Cattle Barons and Barbed Wire: The Lone Ranger Rides Again!

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Lone Ranger #1

What this comics market needs is a really good, strong Western comic book. When I was younger, I'd heard tales of how the comic book market used to produce for every imaginable genre, until it began to shrink. I couldn't understand it then, as I had every genre I could imagine: there were superheroes, space adventures, horror comics, funny comics, war comics and western comics. I ate up Jonah Hex, Scalphunter and Bat Lash with as much eagerness as I did Superman, Adam Strange, Cain & Abel, Archie and Richie Rich, and Sgt Rock.

Now that I'm older, I can see how the market has expanded, and yet shrunk further. We have so many more titles, but not as many genre adventures. Which is why THE LONE RANGER is such a welcome book. And it helps that it has some fantastic cover art to sell it, packaging an intriguing and relevant story by Mark Russell with panels as gritty as trail dust from Bob Q.

When the Lone Ranger finds himself in the wrong place at the wrong time, he overhears a conspiracy plot between a group of ranchers and a corrupt Senate candidate to subdivide all of Texas to the ranchers, driving out the indiginous Indians and the free-range cowboys alike. His proposed legislation would make it legal for ranchers to shoot on sight anyone cutting their barbed wire lines, as well as allow them to lay those lines far beyond the property boundaries established in their land deeds.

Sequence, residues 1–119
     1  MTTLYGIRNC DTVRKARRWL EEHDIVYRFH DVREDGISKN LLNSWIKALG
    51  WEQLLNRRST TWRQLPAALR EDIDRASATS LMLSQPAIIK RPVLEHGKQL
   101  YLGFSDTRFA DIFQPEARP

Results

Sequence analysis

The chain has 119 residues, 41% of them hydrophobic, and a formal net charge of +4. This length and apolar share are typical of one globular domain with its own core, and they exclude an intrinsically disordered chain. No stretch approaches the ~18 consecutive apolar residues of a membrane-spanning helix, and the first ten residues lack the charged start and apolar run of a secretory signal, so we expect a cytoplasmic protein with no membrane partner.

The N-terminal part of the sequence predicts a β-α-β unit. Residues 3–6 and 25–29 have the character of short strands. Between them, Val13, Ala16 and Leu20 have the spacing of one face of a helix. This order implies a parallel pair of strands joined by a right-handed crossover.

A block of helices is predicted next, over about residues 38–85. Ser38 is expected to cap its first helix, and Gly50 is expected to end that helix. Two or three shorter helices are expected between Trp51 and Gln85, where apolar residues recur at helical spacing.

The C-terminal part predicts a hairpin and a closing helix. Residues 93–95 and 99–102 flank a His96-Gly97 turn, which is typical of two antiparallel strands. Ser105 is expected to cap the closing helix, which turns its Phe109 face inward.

The result would be war. And the odds are high enough that the Lone Ranger is going to need help from a former ally, who isn't going to be pleased to see him.

The writing in this is, for the most part, very well done. I do think the Lone Ranger's soliliquy near the end as he entreaties his former friend is a bit formal -- even overly-eloquent. But it's also the kind of thing you'd hear an actor in an old radio adventure serial say, so in that way it is rather fitting.

Bob Q does some great stuff here with the panel layouts and applications of color. In four stacked panels he effectively communicates in pictures that the Lone Ranger has rode like the wind from sunup to past sundown, using the comic medium to convey the passage of time while condensing it brief scene. Eisner and McCloud would both be proud of this scene, as it's a textbook example of how comics work when utilized correctly.

Hi-yo Silver!

5.0 / 5.0